Picture of Jacqueline Kennedy III (Jackie III) (FS II.15), 1966, stock version, by Andy Warhol
Jackie III 15 print out of frame
Warhol's signature on the Jackie III print
Jackie III by Andy Warhol in frame on the wall.
Picture of Jacqueline Kennedy III (Jackie III) (FS II.15), 1966, by Andy Warhol; Andy and Edie Sedgwick Size Comparison.

Jacqueline Kennedy III (Jackie III) 15

Catalog Title: Jacqueline Kennedy III (Jackie III) (FS II.15)
Year: 1966
Size: 40” x 30”
Medium: Screenprint on paper
Edition: 200, 50 numbered in Roman numerals, signed with a rubber stamp and numbered in pencil on verso. Published in the portfolio 11 Pop Artists III, containing works by eleven artists.

Jacqueline Kennedy III (15) by Andy Warhol features four raw and striking images of Jacqueline Kennedy surrounding the assassination of her husband, President John F. Kennedy. These images, taken by photographer Fred Ward, were appropriated by Warhol from the December 6, 1963 issue of Life magazine. The widespread dissemination of the tragic, historic event marked a seismic shift in the nature of popular media and news. Warhol’s sharp perception of the cultural landscape drew him to the event, which would be imprinted on society and the Kennedy legacy forever.

In Jacqueline Kennedy III, Andy Warhol chose to crop the source images found in Life magazine so that the focus rest solely on the First Lady. The Pop Artist’s appropriation of images and celebrity identity brought him great recognition, but unlike his portraits of Marilyn Monroe, Liz Taylor, or Mao, Warhol’s depiction of Jackie is severe and free of embellished with bright hues. Indeed, Jacqueline was loved and revered widely for her grace, style, charitable nature, and beauty, making her the perfect muse for one of Warhol’s classic portraits. But after the shocking death of President JFK, her courage gave her a divine image in the eyes of the public and made her even more intriguing.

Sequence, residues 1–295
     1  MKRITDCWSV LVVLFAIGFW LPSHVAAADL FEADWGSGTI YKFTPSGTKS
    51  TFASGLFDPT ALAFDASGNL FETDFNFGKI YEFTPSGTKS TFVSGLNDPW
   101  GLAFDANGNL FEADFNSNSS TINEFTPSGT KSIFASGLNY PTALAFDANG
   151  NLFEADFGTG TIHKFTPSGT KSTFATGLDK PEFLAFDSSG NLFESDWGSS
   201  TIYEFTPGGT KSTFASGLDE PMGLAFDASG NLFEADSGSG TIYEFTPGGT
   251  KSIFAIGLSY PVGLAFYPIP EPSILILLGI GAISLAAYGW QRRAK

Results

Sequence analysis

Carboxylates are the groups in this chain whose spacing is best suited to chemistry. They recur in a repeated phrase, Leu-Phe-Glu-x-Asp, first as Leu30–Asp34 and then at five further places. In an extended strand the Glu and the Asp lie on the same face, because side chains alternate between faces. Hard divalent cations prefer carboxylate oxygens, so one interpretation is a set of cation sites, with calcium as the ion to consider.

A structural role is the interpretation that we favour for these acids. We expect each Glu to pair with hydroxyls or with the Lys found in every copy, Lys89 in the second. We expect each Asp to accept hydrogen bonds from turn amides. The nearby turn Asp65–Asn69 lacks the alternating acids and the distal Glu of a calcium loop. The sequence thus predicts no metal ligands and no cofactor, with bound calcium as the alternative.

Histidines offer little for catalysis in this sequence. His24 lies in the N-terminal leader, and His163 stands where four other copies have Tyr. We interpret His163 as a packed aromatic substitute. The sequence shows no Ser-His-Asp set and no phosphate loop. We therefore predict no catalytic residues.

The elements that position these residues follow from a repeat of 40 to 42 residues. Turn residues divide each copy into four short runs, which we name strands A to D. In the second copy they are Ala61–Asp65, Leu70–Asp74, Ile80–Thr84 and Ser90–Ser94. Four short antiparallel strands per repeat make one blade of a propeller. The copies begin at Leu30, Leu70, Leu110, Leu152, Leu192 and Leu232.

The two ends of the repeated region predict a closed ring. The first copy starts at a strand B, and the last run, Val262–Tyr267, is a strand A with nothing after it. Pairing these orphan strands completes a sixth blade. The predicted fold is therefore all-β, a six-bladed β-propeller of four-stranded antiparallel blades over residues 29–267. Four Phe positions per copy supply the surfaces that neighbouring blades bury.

The former first lady and arts advocate’s likeness in Jacqueline Kennedy III remains close to the original newspaper prints, highlighting her journey through grief, rather than focusing on her stylish pop-culture presence in the signature Warholian manner. The style of Jackie III in this case echoes Warhol’s works from his Death and Disaster collection, such as Electric Chair, which repeat grim images taken from newspapers and magazines as a commentary on the pervasive nature of tragedy in the evolving forms of media. For Warhol, creating the Jackie prints was a way of responding to the media’s blitz-like coverage of JFK’s assassination. Warhol once said “…it didn’t bother me much that he was dead, what bothered me was the way television and radio were programming everybody to feel so sad.” With his Jacqueline Kennedy series, Andy Warhol commemorates Jackie with an evocative truth as an emblem of strength, American royalty, and a target of the insatiable media hunger in a perpetually consumerist society.

Warhol’s Jacqueline Kennedy (Jackie) series also includes Jackie I and Jackie II.

Photo credit: Jackie Kennedy with Caroline and John Jr. at JFK’s funeral. Courtesy of Fred Ward—Award Agency.

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